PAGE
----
“Damn rules,” she said sullenly.
On the other side of town, Soren looked at his phone, stunned. He couldn’t believe what had just happened. If an angel had appeared to him in physical form and trumpeted his name, he would have been less surprised.
Standing up from his desk, Soren walked towards the wall of windows that overlooked the Thames. The summer sun was still high in the sky, and somehow the view of London looked brighter than it had earlier today.
His name on her lips was the sweetest sound he had ever heard. Angela’s voice echoed in his mind, lingering like a brass band.
He could vividly remember the last time he had seen her—walking away from him—unspoken words of love frozen on his lips.
He vowed that this time he would not make the same mistake again.
Eleven months earlier
August in Spanish cities was a hot, humid affair for the few souls who were there to experience it. No one who stayed in the cities did so by choice, as the oppressive weather made daily life unbearable. Everyone who could afford to locked up their homes and businesses tight and headed for the shore, where the heat of a Spanish summer was made bearable by the Mediterranean’s briny breezes.
Unfortunately, Soren was one of those few who had to be in town. The decadently picturesque city of Barcelona, situated in the Catalonia region of northeastern Spain, was home to an excellent graduate school of business called the Barcelona Instituto de Negocios—or BIN for short—which was the reason he found himself in hot, sunny, passionate Spain instead of his native cold, overcast, stalwart Denmark.
While part of him couldn’t wait to get back to Copenhagen, he also knew that at almost thirty it was time for him to leave the nest and establish himself outside of his illustrious family.
Soren was one of about 100 students who had come to BIN a month early to take advantage of the school’s complimentary, Spanish-immersion classes. Although it wasn’t necessary to speak Spanish to attend BIN, learning the language would give him the opportunity to take more elective classes as well as help him navigate his daily life for the next two years since it was one of the official languages of the city, along with Catalan.
The thick, hot air was especially horrible for one used to the cool climate of Denmark. Although it was only mid-morning, he could already feel the sweat beginning to pool under his arms and at the base of his neck, where his shirt collar felt as heavy as a scarf.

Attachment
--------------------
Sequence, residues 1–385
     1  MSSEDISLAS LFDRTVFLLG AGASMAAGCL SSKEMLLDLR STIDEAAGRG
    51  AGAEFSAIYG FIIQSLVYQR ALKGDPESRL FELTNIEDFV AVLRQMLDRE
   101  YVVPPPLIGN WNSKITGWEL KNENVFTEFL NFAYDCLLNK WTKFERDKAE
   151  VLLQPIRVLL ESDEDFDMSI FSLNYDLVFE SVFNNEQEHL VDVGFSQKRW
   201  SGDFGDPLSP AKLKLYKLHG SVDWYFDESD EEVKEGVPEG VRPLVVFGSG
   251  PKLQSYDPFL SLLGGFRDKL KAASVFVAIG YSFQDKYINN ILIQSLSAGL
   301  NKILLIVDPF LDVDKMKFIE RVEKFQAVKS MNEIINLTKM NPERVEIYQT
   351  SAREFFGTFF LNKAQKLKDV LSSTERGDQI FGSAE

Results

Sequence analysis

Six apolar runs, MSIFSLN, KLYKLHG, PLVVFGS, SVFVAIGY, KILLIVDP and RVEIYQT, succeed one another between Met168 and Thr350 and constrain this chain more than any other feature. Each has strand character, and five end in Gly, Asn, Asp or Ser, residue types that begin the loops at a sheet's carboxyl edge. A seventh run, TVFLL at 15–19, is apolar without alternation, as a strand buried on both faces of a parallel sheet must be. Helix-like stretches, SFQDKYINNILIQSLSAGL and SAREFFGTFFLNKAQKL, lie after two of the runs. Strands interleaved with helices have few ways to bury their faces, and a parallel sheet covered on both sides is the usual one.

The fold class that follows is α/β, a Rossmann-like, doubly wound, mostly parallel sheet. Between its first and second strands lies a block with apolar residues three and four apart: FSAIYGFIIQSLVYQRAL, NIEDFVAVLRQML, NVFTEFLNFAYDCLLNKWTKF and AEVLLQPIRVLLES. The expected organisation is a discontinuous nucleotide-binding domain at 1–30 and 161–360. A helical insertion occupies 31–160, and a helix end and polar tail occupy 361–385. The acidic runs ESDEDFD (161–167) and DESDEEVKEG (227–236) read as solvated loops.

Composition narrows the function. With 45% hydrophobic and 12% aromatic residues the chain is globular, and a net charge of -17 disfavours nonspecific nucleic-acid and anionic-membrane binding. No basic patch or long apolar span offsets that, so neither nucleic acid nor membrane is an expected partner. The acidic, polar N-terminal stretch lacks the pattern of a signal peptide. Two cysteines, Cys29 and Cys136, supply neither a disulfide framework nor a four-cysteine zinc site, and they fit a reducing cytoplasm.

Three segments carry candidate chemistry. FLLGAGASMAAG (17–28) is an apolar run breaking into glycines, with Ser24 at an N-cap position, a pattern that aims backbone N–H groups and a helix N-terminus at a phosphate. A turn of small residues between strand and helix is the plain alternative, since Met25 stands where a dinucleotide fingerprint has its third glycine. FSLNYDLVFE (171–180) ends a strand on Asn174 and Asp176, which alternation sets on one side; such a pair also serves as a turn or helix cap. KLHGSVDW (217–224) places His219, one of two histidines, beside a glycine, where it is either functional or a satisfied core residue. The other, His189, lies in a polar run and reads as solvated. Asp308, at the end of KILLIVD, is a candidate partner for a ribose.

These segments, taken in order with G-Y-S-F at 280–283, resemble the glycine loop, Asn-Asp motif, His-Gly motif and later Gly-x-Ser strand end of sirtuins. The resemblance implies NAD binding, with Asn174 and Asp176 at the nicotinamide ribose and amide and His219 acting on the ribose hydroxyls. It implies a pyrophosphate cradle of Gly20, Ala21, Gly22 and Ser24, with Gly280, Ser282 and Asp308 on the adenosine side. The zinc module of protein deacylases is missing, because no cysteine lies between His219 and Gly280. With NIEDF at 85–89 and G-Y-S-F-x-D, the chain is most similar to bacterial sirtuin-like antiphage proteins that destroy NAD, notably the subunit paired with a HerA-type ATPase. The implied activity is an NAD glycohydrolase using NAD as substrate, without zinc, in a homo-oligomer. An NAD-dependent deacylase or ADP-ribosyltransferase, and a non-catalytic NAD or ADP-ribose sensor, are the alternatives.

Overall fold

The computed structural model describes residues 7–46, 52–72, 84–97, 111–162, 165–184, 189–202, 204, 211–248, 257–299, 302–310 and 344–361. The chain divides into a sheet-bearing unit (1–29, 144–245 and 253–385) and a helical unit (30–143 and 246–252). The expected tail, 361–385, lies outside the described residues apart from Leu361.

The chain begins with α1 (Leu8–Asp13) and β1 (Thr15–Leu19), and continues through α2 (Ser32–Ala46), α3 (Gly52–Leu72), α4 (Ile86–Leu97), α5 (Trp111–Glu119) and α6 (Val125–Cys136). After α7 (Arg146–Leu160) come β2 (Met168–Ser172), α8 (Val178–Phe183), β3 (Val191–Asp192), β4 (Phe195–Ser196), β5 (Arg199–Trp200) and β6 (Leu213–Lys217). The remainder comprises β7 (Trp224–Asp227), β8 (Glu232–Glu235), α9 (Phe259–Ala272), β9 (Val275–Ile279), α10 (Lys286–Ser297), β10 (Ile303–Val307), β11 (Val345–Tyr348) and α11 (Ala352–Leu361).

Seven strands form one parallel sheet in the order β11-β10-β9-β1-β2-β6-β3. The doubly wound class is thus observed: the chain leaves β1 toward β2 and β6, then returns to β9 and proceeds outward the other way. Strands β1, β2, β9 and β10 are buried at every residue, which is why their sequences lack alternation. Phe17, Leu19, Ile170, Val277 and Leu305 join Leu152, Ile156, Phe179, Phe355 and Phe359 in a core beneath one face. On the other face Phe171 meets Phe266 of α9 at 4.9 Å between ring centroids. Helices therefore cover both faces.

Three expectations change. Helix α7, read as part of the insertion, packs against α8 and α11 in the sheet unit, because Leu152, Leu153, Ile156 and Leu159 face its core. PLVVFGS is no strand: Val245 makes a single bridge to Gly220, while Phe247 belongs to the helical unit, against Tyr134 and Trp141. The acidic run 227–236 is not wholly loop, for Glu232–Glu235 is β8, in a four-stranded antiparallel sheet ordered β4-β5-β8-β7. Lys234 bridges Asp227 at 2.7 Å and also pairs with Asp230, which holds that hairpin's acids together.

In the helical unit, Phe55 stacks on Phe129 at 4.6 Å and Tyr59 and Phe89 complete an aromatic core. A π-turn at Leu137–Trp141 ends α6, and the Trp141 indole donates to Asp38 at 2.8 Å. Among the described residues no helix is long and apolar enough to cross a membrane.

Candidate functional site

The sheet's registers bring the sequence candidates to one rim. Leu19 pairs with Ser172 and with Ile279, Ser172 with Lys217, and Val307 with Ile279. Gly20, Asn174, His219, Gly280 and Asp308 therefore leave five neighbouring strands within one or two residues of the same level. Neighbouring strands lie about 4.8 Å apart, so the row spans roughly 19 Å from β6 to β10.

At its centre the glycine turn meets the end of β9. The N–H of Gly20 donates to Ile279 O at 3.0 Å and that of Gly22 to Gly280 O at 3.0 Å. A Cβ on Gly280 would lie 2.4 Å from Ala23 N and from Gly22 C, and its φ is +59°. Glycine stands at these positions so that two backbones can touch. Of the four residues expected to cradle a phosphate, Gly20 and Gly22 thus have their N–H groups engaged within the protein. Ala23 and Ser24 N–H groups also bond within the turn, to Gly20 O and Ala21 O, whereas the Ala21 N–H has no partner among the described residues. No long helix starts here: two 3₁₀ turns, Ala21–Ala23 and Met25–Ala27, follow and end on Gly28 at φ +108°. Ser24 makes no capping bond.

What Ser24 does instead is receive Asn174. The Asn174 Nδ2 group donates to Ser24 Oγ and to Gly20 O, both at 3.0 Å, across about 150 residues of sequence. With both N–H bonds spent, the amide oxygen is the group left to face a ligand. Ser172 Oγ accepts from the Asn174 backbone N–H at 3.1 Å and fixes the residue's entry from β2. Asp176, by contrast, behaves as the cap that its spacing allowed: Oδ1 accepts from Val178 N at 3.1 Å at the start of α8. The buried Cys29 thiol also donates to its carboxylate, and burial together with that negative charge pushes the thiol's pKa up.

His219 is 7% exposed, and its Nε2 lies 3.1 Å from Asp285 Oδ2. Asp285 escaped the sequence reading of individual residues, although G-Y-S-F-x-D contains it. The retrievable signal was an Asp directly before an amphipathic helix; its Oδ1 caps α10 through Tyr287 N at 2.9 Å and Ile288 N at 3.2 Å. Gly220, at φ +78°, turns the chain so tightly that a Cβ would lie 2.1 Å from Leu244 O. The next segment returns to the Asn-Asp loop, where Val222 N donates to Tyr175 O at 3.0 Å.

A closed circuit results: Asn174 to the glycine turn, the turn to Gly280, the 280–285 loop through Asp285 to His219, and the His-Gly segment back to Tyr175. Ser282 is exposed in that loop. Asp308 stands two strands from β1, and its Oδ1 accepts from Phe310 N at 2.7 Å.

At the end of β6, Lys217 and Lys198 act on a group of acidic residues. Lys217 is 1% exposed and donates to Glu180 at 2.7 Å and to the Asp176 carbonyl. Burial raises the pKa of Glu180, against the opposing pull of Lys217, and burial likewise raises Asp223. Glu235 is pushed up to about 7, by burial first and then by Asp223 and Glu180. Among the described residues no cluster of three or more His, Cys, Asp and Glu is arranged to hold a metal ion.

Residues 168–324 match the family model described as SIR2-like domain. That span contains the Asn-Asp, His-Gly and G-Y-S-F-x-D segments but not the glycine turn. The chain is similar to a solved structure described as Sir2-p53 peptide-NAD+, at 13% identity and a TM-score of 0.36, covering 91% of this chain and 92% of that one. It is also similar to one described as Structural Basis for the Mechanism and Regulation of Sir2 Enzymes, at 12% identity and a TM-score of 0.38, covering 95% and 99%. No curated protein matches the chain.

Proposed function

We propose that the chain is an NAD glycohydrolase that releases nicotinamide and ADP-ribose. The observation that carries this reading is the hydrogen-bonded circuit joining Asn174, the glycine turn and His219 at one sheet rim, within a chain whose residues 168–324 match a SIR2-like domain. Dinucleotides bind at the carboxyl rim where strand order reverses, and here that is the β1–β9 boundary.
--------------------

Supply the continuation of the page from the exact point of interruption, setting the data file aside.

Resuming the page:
Blasted Mediterranean sun!
He wasn’t usually the type to be easily flustered, but the moist heat of the city seemed to get under his skin in a most frustrating way.
He tried to ignore his discomfort as he quickly crossed the small campus on his way to Spanish class, running his hand through his thick mop of straw-colored hair. It was then that he heard a guileless laugh peeling across the courtyard, beckoning for him to turn his head and follow the unrestrained sound to its source.
His searching eyes found the wellspring of laughter: a dark-haired woman sitting twenty feet away. She was wearing a flowing, white sundress that looked as fresh as a winter breath and was seated across from another woman wearing long, dark braids and a forest-green top whose back was to Soren.
The laughing woman had smooth, honey-colored skin that was darker than his, but seemed pale against her chestnut hair which grazed her shoulders in a gentle wave. Her eyes blazed with intelligence and humor, and her dusty-rose-colored lips were full and shaped like a cupid’s bow.
He could just make out her singsong American accent, drifting across the courtyard.
That must be her.
He had heard murmurs amongst the men about a vivacious and voluptuous Californian exchange student, but had not met her yet. But, since there were only about twenty women currently on campus, he knew this had to be the one that was causing a stir among the male students—who outnumbered the women four-to-one.
The two women looked cool sitting on the brick steps of a white-columned building—known as The Temple—that served as the heart of the small campus. They were enjoying the shade provided by a thick curtain of ivy hanging off the facade of the Greek revival building. If they had been holding lemonade it would have looked like a scene from the American south. The women were talking as though they had known each other their whole lives and were so focused on each other, that Soren was able to stare at them openly without drawing attention to himself.
He watched, mesmerized, as the Californian reached into her bag and pulled out a tube of lipstick. His breath quickened when she swiveled the silver tube revealing a deep, pomegranate red and applied it deftly to her own lips further accentuating their erotic shape. He pulled at his collar, which felt even more constraining than it had a few minutes ago. He found her utterly captivating to behold, the way her passionate expressions animated her face was entrancing.
She exchanged a few words with her friend, nodded her head and then leaned forward and began applying the lipstick to the other woman.
Soren’s lips parted as he gasped lightly, watching her slowly drag the lipstick over the other woman’s lips. He was surprised at how his body reacted to the scene. There was something incredibly sensual about the gesture…as though the lipstick was an extension of her hand and she was gently caressing the other woman.
Soren allowed his mind to wander and imagined that it was his face she was caressing. His heart beat faster at the thought.